The Australian housing market – Growth or Crash?
We draw on two recent reports from Farrellys and AMP Capital to provide perspectives based on facts, rather than emotive headlines.
Farrelly Research & Management, March 2017
As most of our clients know, one of our research sources is Farrellys who provide us with a dynamic forecast of average returns over the next ten years from each of the major asset classes.
Their analysis suggests that capital growth is likely to be around an average of 2.5% per annum or less for the next decade, which, when added to the extremely modest rental yields on offer, suggests very modest pickings for residential property investors over the next decade.
This estimate represents Australian housing as a whole, but is influenced by the very strong housing markets in Sydney and Melbourne. We should stress of course, that returns from no two properties or locations are the same so it is dangerous to generalise. Farrellys’ return expectations for capital city houses and apartments are shown in the table below.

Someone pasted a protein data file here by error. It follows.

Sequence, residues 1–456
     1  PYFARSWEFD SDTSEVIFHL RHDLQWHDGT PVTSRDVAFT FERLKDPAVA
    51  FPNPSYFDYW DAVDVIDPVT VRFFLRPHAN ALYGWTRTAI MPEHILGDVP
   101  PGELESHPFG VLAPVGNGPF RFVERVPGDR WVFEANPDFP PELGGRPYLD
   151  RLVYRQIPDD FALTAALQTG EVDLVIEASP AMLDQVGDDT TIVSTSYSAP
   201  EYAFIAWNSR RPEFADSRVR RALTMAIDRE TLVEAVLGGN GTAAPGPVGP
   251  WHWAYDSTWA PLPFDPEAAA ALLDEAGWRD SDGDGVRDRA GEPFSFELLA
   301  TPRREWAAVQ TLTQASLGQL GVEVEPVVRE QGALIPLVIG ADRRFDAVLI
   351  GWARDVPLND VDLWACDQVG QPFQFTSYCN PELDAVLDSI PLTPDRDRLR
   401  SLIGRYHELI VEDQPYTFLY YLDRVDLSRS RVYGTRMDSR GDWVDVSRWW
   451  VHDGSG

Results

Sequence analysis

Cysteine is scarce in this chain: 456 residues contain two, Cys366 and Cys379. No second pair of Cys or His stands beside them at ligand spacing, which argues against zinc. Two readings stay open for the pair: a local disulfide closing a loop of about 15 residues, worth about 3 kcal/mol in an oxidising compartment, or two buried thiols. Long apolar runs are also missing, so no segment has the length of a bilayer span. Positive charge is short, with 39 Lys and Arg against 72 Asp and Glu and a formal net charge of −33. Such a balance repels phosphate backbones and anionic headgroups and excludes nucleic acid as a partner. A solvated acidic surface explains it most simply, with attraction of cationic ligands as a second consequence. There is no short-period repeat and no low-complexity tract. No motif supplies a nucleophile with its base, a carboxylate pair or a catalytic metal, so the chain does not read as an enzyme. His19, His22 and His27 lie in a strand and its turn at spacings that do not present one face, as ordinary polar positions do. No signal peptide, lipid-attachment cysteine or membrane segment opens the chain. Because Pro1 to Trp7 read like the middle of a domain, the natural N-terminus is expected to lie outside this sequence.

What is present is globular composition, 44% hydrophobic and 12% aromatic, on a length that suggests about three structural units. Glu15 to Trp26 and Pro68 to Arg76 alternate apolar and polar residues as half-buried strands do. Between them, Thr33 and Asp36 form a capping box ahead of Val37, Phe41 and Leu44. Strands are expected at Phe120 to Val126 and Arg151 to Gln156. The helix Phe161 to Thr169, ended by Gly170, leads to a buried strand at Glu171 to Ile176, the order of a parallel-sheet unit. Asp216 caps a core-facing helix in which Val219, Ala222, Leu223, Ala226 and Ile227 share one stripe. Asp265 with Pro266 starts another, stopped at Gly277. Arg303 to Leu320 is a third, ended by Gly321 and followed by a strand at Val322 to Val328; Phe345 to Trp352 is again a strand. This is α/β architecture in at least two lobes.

Farrelly Research & Management Pty Ltd (‘farrelly’s’) ABN 63 272 849 277.
Farrellys’ contention is that over the long term, residential property prices follow the “affordable value’ in the residential areas that are the most sought after. The most sought after areas tend to be supply constrained through lack of developable land. The affordable value has increased dramatically in recent years as mortgage interest rates have fallen to record lows and wages growth has generally outpaced inflation, typically by around 1%pa over the last ten years. Now there is an expectation that mortgage rates have ceased falling and the latest readings of wages growth show a moderation to only around 0.5% over inflation. Inflation itself is on the rise too.
All other things being equal, with the two of the most significant price drivers now absent it would seem that residential property prices will moderate and perhaps fall in some areas. Importantly, there are many more drivers that will impact the actual outcome such as government initiatives addressing affordability, and foreign buying.
Dr Shane Oliver - Oliver’s Insights
AMP Capital, 15th March 2017
AMP’s Head of Investment Strategy and Chief Economist DR Shane Oliver addresses the key issues facing the Australian property market, suggesting a property crash is unlikely but a fall of 5-10% may be seen. Furthermore, macro prudential measures are required to slow property demand. Shane’s full view can be found here.
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